For the promise is unto you, and to your children and to all that are afar off, even as many as the Lord our God shall call. We believe this is the Gospel: Death, burial, resurrection.
The United Pentecostal Church does not subscribe to a “Jesus Only” doctrine. The implication of this term is that we deny God as the Father and Holy Spirit. This is not true.
When we baptize, we baptize in the name of Jesus Christ. The term “Jesus Only” is never used in any respect to baptism.
The term “baptismal regeneration” implies that we believe baptism, in and of itself, produces forgiveness of sins. While a quick study of the Greek word for remission in Acts 2:38 (Aphesis) does deal with forgiveness and liberty from sins, it is important to remember Jesus’ words in Luke 24:47 that repentance and remission of sins should be preached in His name among all nations, beginning at Jerusalem. Repentance is clearly a preceding qualification for baptism. Baptism in no way replaces the need for repentance, nor should repentance replace or exclude baptism.
The statement that this is a “new doctrine” certainly brings an interesting point to light. It has been said that these things were for the Apostles and the early church era, thus “not for us today.” So I’m not sure if it is meant that our teaching is “too old to true” or “too new to be true.”
Repentance, baptism in Jesus’ Name and Holy Spirit infilling with speaking in other tongues are of significant proportion in the Scripture. We believe the old message is still true, although for some it may seem new.
It is interesting to note that if Matthew 28:19 is to be interpreted “repeat the titles The Father, Son, Holy Ghost,” as orthodox tradition suggests, instead of using the name of the Father, Son and Holy Ghost… Jesus (Eph. 3:15), then there is not one single example in the Scripture where the Apostles use those titles when administering baptism. Not one!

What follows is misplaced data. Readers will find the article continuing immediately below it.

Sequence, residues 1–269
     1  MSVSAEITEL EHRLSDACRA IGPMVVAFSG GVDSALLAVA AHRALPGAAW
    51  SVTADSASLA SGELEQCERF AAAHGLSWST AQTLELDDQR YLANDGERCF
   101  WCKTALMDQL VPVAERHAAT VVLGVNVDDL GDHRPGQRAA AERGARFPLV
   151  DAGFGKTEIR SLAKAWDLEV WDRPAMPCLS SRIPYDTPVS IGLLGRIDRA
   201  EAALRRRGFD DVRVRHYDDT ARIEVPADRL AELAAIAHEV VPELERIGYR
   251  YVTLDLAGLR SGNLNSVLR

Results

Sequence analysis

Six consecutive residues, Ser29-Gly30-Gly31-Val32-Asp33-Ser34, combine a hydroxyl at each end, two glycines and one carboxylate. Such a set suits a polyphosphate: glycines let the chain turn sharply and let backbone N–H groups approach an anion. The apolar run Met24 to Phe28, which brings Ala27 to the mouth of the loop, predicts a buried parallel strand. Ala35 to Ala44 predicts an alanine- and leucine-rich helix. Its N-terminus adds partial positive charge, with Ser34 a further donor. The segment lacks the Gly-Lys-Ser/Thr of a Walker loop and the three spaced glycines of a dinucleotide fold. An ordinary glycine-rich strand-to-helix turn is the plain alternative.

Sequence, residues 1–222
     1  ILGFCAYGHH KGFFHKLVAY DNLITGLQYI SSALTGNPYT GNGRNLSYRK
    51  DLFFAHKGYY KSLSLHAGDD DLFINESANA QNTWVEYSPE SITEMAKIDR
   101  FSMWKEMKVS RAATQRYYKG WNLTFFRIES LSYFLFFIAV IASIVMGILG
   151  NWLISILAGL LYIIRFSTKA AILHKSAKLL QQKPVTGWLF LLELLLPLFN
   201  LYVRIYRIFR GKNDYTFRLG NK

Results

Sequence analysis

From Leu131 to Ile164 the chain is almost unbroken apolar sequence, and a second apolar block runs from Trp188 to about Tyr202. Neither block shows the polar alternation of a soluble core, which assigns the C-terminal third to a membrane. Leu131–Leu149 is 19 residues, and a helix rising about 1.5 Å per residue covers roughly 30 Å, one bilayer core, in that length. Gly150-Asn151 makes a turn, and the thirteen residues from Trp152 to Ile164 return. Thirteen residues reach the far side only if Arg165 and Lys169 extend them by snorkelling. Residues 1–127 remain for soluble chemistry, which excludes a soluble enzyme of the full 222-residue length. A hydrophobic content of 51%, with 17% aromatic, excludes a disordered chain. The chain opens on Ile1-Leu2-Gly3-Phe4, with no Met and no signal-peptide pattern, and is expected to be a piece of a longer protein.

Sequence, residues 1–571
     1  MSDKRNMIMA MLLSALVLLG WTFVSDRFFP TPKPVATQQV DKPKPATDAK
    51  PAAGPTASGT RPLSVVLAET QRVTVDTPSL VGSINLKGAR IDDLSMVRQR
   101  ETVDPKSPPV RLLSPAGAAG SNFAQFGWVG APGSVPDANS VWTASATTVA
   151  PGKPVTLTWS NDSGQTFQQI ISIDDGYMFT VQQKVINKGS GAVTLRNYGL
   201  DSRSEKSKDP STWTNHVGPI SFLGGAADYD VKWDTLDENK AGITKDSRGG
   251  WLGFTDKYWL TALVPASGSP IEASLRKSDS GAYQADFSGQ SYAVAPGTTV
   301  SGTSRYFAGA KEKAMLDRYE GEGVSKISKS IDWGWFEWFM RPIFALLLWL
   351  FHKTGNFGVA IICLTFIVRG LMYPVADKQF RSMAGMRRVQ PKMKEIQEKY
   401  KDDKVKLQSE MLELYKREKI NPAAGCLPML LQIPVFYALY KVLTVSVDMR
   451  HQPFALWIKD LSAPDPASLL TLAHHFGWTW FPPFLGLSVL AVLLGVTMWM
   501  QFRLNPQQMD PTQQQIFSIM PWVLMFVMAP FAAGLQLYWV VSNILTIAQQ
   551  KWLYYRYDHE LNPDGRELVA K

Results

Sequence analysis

Every time the Apostles baptized, they used the name of Jesus. We are not angry at Jerry Falwell. We love him and are grateful for the many wonderful things he has stood for concerning morality in America.
When your beliefs in the Bible come under pressure, it is time for deep soul-searching. It is time to release bias and personal position and to hold fast to the essentials given to us in the sound doctrine of the Apostles.
There are many people in this city who are hungry for the truth. Perhaps many will begin a “search for truth” in the book of Acts of the Apostles. Here we find the Apostles message concerning these vital subjects.
With much soul-searching and biblical research in these areas, I have decided to stand fast to that form of doctrine once delivered to the saints. I feel comfortable standing with the Apostle Paul in saying:
“But this I confess unto thee, that after the way they called heresy, so worship I the God of my fathers, believing all things which are written in the law and the prophets.” Acts 24:14.
(The original source of the above material is unknown.)